# Category INTRODUCTION TO STATISTICS AND ECONOMETRICS

## LEAST SQUARES ESTIMATORS

10.2.1 Definition

In this section we study the estimation of the parameters a, (3, and a2 in the bivariate linear regression model (10.1.1). We first consider estimating a and (3. The T observations on у and x can be plotted in a so-called scatter diagram, as in Figure 10.1. In that figure each dot represents a vector of observations on у and x. We have labeled one dot as the vector (yt, xt). We have also drawn a straight line through the scattered dots and labeled the point of intersection between the line and the dashed perpendicular line that goes through (yt, xt) as {% xt). Then the problem of estimating a and (3 can be geometrically interpreted as the problem of drawing a straight line such that its slope is an estimate of 3 and its intercept is an estimate of a.

Since Eut = 0, a re...

## Estimators in General

We may sometimes want to estimate a parameter of a distribution other than a moment. An example is the probability (pi) that the ace will turn up in a roll of a die. A “natural” estimator in this case is the ratio of the number of times the ace appears in n rolls to n—denote it by p. In general, we estimate a parameter 0 by some function of the sample. Mathematically we express it as

(7.1.1) 0 = ф(Х], X2, . . . , Xn).

We call any function of a sample by the name statistic. Thus an estimator is a statistic used to estimate a parameter. Note that an estimator is a random variable. Its observed value is called an estimate.

The pi just defined can be expressed as a function of the sample. Let Xi be the outcome of the zth roll of a die and define У, = 1 if X* = 1 and Yi = 0 otherwise...

## DETERMINANTS AND INVERSES

Throughout this section, all the matrices are square and n X n.

Before we give a formal definition of the determinant of a square matrix, let us give some examples. The determinant of a 1 X 1 matrix, or a scalar, is the scalar itself. Consider a 2 X 2 matrix

д __ an an

Cl 2i #22

Its determinant, denoted by |A| or det A, is defined by (11.3.1) |A| = <211^22 — <221«12-

The determinant of а З X 3 matrix

 ап а12 аЪ а21 а 22 а23 а31 а32 аЪЪ

is given by

= «цяггя’зз — «11«32«23 — «21«12«33 + «21 «32 «13 + «31 «12«23 — «31«22«13 •

Now we present a formal definition, given inductively on the assumption that the determinant of an (n – 1) X (n — 1) matrix has already been defined.

DEFINITION 11...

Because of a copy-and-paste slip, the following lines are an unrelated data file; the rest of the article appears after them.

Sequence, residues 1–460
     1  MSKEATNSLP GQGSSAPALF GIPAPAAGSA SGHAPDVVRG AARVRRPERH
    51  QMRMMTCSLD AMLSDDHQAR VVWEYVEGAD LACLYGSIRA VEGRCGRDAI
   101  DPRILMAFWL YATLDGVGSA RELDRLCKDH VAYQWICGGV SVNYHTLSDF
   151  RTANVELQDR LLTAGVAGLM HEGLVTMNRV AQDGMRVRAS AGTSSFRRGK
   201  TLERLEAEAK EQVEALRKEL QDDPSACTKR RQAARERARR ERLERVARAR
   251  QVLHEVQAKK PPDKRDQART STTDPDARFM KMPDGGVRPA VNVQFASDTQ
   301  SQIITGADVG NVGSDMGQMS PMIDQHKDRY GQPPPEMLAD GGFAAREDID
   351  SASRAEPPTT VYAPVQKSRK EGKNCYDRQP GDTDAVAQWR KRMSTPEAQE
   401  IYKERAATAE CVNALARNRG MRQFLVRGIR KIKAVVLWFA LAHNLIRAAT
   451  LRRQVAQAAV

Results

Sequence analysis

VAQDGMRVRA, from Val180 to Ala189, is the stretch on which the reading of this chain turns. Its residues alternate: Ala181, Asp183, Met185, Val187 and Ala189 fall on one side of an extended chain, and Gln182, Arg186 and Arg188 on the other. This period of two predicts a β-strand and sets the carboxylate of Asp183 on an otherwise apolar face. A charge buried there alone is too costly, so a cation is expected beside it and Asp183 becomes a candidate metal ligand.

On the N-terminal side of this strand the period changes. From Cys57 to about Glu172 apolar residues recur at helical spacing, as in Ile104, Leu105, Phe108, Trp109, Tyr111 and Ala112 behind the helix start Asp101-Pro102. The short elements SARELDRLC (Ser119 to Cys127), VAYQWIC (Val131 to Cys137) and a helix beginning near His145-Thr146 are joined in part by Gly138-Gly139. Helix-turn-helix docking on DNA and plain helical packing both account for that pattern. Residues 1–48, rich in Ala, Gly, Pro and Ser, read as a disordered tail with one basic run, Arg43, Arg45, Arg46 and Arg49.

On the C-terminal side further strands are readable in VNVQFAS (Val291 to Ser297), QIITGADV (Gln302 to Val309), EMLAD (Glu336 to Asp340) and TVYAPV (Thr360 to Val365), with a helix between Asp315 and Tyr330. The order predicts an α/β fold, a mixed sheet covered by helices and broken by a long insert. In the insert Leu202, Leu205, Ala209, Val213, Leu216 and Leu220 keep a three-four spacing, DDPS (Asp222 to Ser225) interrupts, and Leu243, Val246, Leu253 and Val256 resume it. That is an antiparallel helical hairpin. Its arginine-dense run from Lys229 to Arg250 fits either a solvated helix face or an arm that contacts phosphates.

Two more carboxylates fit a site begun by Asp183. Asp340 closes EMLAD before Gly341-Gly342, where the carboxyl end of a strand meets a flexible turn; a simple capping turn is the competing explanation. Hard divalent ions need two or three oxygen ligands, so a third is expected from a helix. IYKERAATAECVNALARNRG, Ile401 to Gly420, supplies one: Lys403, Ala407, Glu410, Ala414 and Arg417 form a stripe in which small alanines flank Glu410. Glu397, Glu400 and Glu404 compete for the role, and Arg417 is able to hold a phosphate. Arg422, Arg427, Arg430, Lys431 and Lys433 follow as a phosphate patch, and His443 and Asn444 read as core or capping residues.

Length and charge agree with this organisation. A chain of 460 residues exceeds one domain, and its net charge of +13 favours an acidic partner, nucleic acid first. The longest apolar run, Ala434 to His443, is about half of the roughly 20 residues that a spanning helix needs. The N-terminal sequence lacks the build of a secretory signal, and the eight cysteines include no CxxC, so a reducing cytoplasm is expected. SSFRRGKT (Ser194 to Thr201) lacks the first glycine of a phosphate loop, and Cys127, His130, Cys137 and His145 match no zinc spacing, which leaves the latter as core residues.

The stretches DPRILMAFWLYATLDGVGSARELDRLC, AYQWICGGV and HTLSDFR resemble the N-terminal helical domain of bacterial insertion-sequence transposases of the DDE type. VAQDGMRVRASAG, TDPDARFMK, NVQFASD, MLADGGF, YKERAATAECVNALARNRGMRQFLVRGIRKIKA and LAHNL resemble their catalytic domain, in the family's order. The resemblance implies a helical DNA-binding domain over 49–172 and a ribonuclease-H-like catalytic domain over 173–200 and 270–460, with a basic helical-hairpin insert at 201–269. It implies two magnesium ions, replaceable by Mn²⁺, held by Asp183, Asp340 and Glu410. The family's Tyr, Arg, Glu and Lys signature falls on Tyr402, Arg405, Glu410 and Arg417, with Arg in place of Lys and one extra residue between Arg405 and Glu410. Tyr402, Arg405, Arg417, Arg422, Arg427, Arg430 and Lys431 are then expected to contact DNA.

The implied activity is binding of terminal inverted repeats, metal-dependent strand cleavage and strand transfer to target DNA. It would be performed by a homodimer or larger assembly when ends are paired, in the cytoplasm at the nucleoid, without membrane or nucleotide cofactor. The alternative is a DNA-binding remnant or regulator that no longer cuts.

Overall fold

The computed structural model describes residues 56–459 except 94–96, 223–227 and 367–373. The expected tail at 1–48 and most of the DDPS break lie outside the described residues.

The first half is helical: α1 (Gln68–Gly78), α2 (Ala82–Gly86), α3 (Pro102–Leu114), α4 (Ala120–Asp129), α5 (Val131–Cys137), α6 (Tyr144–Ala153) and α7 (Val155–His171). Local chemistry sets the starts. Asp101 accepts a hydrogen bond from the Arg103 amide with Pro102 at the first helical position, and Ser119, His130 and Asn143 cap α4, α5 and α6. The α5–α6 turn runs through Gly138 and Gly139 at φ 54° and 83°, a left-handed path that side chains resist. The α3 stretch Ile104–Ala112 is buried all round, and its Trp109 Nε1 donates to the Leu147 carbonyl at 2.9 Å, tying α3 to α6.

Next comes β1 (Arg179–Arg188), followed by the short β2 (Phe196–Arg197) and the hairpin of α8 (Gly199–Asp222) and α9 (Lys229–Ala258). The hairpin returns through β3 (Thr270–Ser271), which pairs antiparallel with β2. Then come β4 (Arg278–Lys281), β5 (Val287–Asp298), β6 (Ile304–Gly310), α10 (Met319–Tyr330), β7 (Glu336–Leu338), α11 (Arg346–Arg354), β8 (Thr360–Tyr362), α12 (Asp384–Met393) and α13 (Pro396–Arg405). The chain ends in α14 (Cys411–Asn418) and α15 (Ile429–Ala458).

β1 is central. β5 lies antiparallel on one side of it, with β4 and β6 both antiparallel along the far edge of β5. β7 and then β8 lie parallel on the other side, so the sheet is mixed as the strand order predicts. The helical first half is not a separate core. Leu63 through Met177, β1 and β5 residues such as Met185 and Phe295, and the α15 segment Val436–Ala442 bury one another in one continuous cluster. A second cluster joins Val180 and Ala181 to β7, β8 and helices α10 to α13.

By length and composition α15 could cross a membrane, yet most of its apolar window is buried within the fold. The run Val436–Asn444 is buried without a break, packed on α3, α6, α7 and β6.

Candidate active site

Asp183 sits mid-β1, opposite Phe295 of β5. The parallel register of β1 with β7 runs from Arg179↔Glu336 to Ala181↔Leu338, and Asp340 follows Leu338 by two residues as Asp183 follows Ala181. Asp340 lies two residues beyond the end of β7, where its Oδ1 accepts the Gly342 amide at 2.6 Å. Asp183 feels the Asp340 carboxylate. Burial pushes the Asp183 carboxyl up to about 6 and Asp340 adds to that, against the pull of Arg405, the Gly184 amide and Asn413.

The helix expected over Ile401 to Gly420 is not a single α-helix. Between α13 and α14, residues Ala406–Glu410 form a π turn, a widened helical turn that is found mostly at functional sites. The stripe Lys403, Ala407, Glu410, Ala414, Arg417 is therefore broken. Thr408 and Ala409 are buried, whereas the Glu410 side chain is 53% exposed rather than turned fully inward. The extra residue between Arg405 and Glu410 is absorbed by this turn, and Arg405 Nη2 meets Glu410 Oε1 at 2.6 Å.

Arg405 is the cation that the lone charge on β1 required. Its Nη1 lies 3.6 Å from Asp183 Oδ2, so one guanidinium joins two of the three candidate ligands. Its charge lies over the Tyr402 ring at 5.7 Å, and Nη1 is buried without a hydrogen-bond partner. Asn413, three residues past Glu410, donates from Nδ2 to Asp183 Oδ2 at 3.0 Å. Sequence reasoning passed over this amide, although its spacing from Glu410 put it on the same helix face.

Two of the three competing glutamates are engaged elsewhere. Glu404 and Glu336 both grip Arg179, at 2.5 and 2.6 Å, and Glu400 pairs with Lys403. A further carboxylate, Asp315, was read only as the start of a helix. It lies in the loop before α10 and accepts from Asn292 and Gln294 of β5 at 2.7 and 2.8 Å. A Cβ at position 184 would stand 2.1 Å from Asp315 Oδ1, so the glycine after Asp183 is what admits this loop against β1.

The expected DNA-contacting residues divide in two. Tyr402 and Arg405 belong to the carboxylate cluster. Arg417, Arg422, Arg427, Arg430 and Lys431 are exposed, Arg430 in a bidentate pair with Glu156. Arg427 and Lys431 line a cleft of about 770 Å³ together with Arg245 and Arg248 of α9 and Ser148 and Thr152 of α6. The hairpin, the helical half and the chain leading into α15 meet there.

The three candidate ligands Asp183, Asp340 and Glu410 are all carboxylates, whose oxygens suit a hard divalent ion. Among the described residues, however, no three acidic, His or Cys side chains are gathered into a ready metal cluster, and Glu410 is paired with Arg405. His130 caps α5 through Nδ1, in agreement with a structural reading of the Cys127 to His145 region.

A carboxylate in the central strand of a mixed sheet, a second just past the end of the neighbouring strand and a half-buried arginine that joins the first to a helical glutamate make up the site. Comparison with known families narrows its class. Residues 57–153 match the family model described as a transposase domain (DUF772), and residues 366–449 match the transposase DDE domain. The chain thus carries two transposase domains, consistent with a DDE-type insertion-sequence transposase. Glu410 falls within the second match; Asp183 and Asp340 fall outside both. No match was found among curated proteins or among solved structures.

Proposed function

## CONFIDENCE INTERVALS

We shall assume that confidence is a number between 0 and 1 and use it in statements such as “a parameter 0 lies in the interval [a, b with 0.95 confidence,” or, equivalently, “a 0.95 confidence interval for 0 is [a, b].” A confidence interval is constructed using some estimator of the parameter in question. Although some textbooks define it in a more general way, we shall define a confidence interval mainly when the estimator used to construct it is either normal or asymptotically normal. This restriction is not a serious one, because most reasonable estimators are at least asymp­totically normal. (An exception occurs in Example 8.2.5, where a chi – square distribution is used to construct a confidence interval concerning a variance...

## Error Components Model

The error components model is useful when we wish to pool time-series and cross-section data. For example, we may want to estimate production functions using data collected on the annual inputs and outputs of many firms, of demand functions using data on the quantities and prices col­lected monthly from many consumers. By pooling time-series and cross – section data, we hope to be able to estimate the parameters of a relation­ship such as a production function or a demand function more efficiently than by using two sets of data separately. Still, we should not treat time – series and cross-section data homogeneously. At the least, we should try to account for the difference by introducing the specific effects of time and cross-section into the error term of the regression, as follows:

(1...

## Properties of a. and j3

First, we obtain the means and the variances of the least squares estimators a and (3. For this purpose it is convenient to use the formulae (10.2.12) and (10.2.16) rather than (10.2.4) and (10.2.5).

Inserting (10.1.1) into (10.2.12) and using (10.2.17) yields

(10.2.19) P – (3 =

Since Eut = 0 and {x*’ are constants by our assumptions, we have from

(10.2.19) and Theorem 4.1.6,

(10.2.20) = p.

In other words, p is an unbiased estimator of p. Similarly, inserting

(10.1.1) into (10.2.16) and using (10.2.18) yields

(10.2.21) d – a =

which implies

(10.2.22) Eol = a.

Using (10.2.19), the variance of P can be evaluated as follows:

(10.2.23) Up =——– ^ U(E x*ut) by Theorem 4.2.1

[Ц*?)2]2

S(xf)2

Similarly, we obtain from (10.2.21)

2

(10.2.24) Ud =————-

mn2

How good are the least squares est...